Handful of Nobodies Threatens to Form New Party
Here we go again.
The Republican Party is in the midst of a civil war. Well, more of an insurrection. Er, well, almost all of the national elected members of it are on the same page but a handful of folks disagree. The New York Times (“Over 100 Republicans, including former officials, threaten to split from G.O.P.“) reports on the latest installment of this saga.
More than 100 Republicans, including some former elected officials, are preparing to release a letter this week threatening to form a third party if the Republican Party does not make certain changes, according to an organizer of the effort.
The statement is expected to take aim at former President Donald J. Trump’s stranglehold on Republicans, which signatories to the document have deemed unconscionable.
“When in our democratic republic, forces of conspiracy, division, and despotism arise, it is the patriotic duty of citizens to act collectively in defense of liberty and justice,” reads the preamble to the full statement, which is expected to be released on Thursday.
So, if this were 100 current governors and Members of Congress, it would be a big deal. Alas, not so much.
The effort comes as House Republican leaders are expected on Wednesday to oust Representative Liz Cheney of Wyoming from their ranks because of her outspoken criticism of Mr. Trump’s election lies.
The key here is that Cheney will almost certainly be ousted, even though she’s a hard-right Republican, simply because she refuses to go along with one particular lie: that the election was somehow stolen from Trump. Alas, only a handful of Republicans Members of Congress are likely to vote to support her because they fear a base that loves Trump more than they care about Liz Cheney or, well, the truth.
“This is a first step,” said Miles Taylor, an organizer of the effort and a former Trump-era Department of Homeland Security official who anonymously wrote a book condemning the Trump administration. In October, Mr. Taylor acknowledged he was the author of both the book and a 2018 New York Times Op-Ed article.
Taylor was a third-tier figure that we would never have heard of except that the Times decided to allow him to publish an anonymous op-ed that gave the false impression that he was 1) much more powerful than he actually was (most of the speculation centered on the likes of Jim Mattis and Mike Pence) and 2) that he was much more representative than he actually was of senior Trump administration officials (of which, again, he was not one).
“This is us saying that a group of more than 100 prominent Republicans think that the situation has gotten so dire with the Republican Party that it is now time to seriously consider whether an alternative might be the only option,” he said.
So, absent that op-ed and the exposure it created for him after the fact, nobody thinks Taylor is a “prominent Republican.” Even after his name was revealed, prompting me to write a post titled “‘Anonymous’ Still Anonymous,” I promptly forgot his name. Indeed, I had to look it up twice trying to find that post. That he’s a ringleader of this movement shows 1) how marginal it is and 2) how divorced it is from the actual Republican Party.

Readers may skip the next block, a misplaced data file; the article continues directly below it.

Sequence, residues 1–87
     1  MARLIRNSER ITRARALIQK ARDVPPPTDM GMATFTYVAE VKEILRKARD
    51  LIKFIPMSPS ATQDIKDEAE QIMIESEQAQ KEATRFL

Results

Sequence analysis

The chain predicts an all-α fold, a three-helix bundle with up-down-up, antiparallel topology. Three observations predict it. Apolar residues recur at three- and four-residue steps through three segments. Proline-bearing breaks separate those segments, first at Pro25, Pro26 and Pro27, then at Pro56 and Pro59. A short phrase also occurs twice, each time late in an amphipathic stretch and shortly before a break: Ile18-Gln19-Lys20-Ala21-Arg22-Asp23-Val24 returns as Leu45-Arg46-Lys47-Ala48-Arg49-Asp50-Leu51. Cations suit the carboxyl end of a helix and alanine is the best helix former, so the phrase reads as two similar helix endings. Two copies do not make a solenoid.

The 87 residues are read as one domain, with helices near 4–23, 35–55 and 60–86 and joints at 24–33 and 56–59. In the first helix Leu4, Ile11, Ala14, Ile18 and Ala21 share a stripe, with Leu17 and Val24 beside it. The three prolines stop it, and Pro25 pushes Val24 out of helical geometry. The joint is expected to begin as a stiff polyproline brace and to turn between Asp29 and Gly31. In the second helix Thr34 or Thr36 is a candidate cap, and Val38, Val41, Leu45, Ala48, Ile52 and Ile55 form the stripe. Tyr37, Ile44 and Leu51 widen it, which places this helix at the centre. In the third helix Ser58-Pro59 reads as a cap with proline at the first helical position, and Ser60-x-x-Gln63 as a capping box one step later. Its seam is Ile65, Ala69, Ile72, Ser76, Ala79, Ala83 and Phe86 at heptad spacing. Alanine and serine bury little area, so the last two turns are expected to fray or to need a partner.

The list of people signing the statement includes former officials at both the state and national level who once were governors, members of Congress, ambassadors, cabinet secretaries, state legislators and Republican Party chairmen, Mr. Taylor said.
So, on the one hand, these are indeed people who were prominent members of the GOP. But the key word is “was”—past tense.
Mr. Taylor declined to name the signers. Reuters reported earlier that the former governors Tom Ridge of Pennsylvania and Christine Todd Whitman of New Jersey will sign it, as will former Transportation Secretary Mary E. Peters and former Representatives Charlie Dent of Pennsylvania, Barbara Comstock of Virginia, Reid Ribble of Wisconsin and Mickey Edwards of Oklahoma.
These people haven’t held power in years. In many cases, decades. And the ones, like Comstock, who held it more recently were ousted in GOP primaries because they no longer fit the party.
And then there’s this:
Mr. Taylor declined on Tuesday to reveal the specific changes that the coalition was planning to demand of the Republican Party in its statement.
“I’m still a Republican, but I’m hanging on by the skin of my teeth because how quickly the party has divorced itself from truth and reason,” Mr. Taylor said. “I’m one of those in the group that feels very strongly that if we can’t get the G.O.P. back to a rational party that supports free minds, free markets, and free people, I’m out and a lot of people are coming with me.”
So, first, ain’t nobody going with Taylor. Maybe someone will follow Tom Ridge or Christine Todd Whitman, but certainly not some snot-nosed guy famous for writing an anonymous op-ed who only had an appointed post at all because there were so many #NeverTrump national security officials that they had to scrape the bottom of the barrel to get anyone.
But, second, while I hope that there is indeed a significant cohort of professionals in my old party that genuinely reject Trump and Trumpism—including the Big Lie—that itself isn’t the basis for a new party. To the extent the GOP supported “free minds, free markets, and free people,” it was the libertarian wing (and, to a lesser extent, the Chamber of Commerce wing) of the party, not the populist wing that now dominates.
Steven Taylor and I have written oodles of posts over the years about the massive structural barriers to forming a new American party and turning it into a governing one and I won’t belabor that point here. Unless some significant number of current Representatives, Senators, and Governors switch to that banner, it’s not even an interesting discussion.